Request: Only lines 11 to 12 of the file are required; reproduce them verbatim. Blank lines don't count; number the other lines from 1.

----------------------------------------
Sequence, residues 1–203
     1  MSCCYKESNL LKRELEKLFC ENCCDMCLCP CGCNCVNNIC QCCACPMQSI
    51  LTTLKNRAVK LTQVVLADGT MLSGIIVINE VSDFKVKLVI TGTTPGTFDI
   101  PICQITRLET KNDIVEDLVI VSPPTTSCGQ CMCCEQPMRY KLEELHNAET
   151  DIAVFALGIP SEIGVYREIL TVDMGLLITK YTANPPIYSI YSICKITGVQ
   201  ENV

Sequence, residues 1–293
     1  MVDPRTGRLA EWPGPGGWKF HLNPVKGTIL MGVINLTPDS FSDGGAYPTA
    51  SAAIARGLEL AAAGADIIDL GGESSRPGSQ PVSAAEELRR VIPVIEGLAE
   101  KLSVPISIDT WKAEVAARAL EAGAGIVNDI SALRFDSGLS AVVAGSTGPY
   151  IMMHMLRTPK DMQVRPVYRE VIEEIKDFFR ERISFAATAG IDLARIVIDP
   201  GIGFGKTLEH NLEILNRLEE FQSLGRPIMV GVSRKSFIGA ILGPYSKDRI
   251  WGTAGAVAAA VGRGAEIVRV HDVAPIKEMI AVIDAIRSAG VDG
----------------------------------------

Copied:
   151  IMMHMLRTPK DMQVRPVYRE VIEEIKDFFR ERISFAATAG IDLARIVIDP
   201  GIGFGKTLEH NLEILNRLEE FQSLGRPIMV GVSRKSFIGA ILGPYSKDRI